I finished the first book on my list!
Making Room is both a history and guide book through the practice of extreme hospitality. Christine D. Polh spent time with several intentional Christian Communities that practice this form of radical hospitality to learn how it is done most effectively. These communities exist both nationally and internationally and serves people from all walk of life. Pohl writes “Today when we think of the hospitality we don’t think first of welcoming strangers. We pictures having family and friends over for a pleasant meal. Or we think of the ‘hospitality industry,’ of hotels and restaurants which are open to strangers as long as they have money or credit cards … but we rarely see it as a spiritual obligation or as a dynamic expression of vibrant Christianity.” The organizations that practice radical hospitality provide welcome to refugees, immigrants, people experiencing homelessness, people with mental and physical disabilities, and other who live on the margins of society.
In reading this book, I couldn’t help to notice the similarities between the the practices of radical hospitality and the lunch program that I work with. While we only offer our program twice a week, we employ as many of the practices of hospitality and welcome. We start each day by giving each of our guest name tags which is “one of the simplest ways of communication welcome … learning their names quickly.” The other highly important form of hospitality, and the basis of our ministry, is to share a meal. We urge our all our volunteers to eat with the guest once the meal is served. While we are providing the basic necessity of food, we are striving to provide more, a place to build community and a sense of belonging. “In hospitality, the stranger is welcomed into a safe, personal, and comfortable place, a place of respect and acceptance and friendship. Even if only briefly, the stranger is included in a life-giving and life-sustaining network of relationships.” The last piece of radical hospitality we try to employ is to redefine the relationship between guest and volunteer. “Hospitality involves friendship as well as serving food.” We play the role of the church, and as such we strive to create mutual friendships instead of a social worker helping a client. “Because eating is something everyone must do, meal-time has a profoundly egalitarian dimension. Meal-time, when people sit down together, is the clearest time of being with others, not doing for others. It is the time when hospitality looks the least like social services.”
Pohl uses many biblical references to support the idea of radical hospitality. One in particular comes from the Gospel of Luke, in which Jesus tells the Parable of the Good Samaritan. “Jesus redefines neighbor and love for neighbor. The scope of our responsibility to care includes anyone in need. This expands more tightly bounded definitions of neighbor that tends to limit responsibility to those we like or those like us.” What would it look like if we took a Good Samaritan approach to issues of homelessness, immigration, and others pushed to the margins? How can we love our neighbors and refuse to offer them equal rights, allow them to go hungry and sleep on the street, and believe that they do not have a place in this world. Because, not only is each person we meet a representation of Christ, but our response also represents Christ in the world. “The response we give to an unexpected guest is connected to how that person experiences God’s love and welcome.”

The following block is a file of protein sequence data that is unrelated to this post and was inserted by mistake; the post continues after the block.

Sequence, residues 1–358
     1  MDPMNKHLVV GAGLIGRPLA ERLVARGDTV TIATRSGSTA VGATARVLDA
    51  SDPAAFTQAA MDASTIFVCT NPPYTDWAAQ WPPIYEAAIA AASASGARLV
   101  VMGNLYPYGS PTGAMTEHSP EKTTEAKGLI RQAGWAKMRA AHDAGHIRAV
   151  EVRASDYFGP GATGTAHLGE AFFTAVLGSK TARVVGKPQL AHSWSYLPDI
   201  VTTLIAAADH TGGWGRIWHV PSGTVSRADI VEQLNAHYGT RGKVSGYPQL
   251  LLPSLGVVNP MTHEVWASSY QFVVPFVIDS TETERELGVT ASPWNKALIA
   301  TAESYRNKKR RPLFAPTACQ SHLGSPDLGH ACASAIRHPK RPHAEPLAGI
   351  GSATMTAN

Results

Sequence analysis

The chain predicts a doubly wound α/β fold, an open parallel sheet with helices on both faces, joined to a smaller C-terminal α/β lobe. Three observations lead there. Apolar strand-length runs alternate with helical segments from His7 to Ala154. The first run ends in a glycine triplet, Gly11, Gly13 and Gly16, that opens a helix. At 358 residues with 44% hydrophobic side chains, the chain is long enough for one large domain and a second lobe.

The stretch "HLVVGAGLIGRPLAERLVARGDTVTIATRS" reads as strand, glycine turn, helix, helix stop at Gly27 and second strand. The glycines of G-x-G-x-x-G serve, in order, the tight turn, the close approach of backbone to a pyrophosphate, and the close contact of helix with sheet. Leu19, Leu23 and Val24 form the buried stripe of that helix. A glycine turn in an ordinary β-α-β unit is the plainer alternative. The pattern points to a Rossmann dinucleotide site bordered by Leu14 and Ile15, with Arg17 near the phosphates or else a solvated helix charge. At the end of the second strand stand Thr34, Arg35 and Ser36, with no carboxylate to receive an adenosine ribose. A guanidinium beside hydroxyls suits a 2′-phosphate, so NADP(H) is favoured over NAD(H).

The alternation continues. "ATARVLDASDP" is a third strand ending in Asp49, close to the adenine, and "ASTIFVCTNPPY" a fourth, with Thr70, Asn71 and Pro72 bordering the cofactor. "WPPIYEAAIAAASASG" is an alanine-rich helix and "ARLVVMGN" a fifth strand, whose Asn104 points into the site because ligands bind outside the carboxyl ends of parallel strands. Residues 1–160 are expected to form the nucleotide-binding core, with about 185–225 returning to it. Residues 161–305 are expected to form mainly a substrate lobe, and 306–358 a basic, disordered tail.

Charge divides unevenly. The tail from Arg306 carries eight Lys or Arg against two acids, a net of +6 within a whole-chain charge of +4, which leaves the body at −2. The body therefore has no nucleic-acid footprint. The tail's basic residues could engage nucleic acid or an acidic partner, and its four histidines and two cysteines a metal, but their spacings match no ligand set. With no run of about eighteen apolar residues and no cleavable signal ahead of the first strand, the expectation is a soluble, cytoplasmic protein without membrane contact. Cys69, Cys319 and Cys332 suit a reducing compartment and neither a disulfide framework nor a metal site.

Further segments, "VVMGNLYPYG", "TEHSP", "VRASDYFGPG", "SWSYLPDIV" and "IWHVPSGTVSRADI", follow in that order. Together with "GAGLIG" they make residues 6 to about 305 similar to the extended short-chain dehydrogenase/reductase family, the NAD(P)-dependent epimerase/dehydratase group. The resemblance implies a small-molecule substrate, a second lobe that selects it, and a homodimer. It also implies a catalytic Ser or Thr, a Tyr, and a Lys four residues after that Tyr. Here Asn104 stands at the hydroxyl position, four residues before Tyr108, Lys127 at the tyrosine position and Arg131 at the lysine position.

Here are a few more quotes from Pohl’s book that I found helpful and intriguing:
“Without supper, without love, without table companionship, justice can become a program that we do to other people.” Murphy Davis, co-founder of the Open Door.
“When sanctuary and a slower pace are combined, there is a sense of peace.”
“Around a dinner table, family and guest share food and life.”
“The front door of the home is the side door of the church.”
“Generous and steady hospitality, practiced among believers from different backgrounds, can be the beginnings of significant reconciliation.”
“Church, like families, need to eat together to sustain their identity as a community. The table is central to the practice of hospitality in home and the church – nourishment we gain there is physical, spiritual and social. Whether we gather around the table for the Lord’s Supper or for a church potluck dinner, we are strengthened as a community.”
“It is in the shelter of each other the people live.” Irish proverb
And of course it wouldn’t be a blog about breaking bread without a new recipe. Today it is a fruit and rice salad. While this recipe can vary to your liking, here is what our lovely salad contained!
Beets, Beet Greens, Kale, Lettuce, Green Onions, Wild Rice, Strawberries, and Feta Cheese.
Start by cutting the greens off of the beets, wrapping the beets in tinfoil and baking them for 40 minutes at 350°F.
Remove the spine from the beet greens and kale, cut all the greens into smaller pieces and combine them together. Slice the strawberries and add them to the greens.
Cook wild rice according to packaging and add to salad.Next, once beets are finished cooking, peel skin, slice and quarter. But be careful, their messy and will stain your hands.
Add the feta and chill for one hour.
Again, any salad dressing will work but I like to make a balsamic dressing for this salad. Start with the juice of two lemons.
Combine 1/2 c. of olive oil.
Then add 1/2 cup of balsamic vinegar, 1 tbsp. of rice vinegar, and a dash of paprika. Shake and serve!
One of our new goals as a house is to have dinner at least twice a week together. We have chosen Friday nights to share our meal and share our week. Due to a long work week, we usually are full of energy and full of laughs. This week we enjoyed dinner outside, because it’s L.A. and always warm.
“Hospitality will be most satisfying for both host and guest when food is served.” — Joetta Handrich Schlaback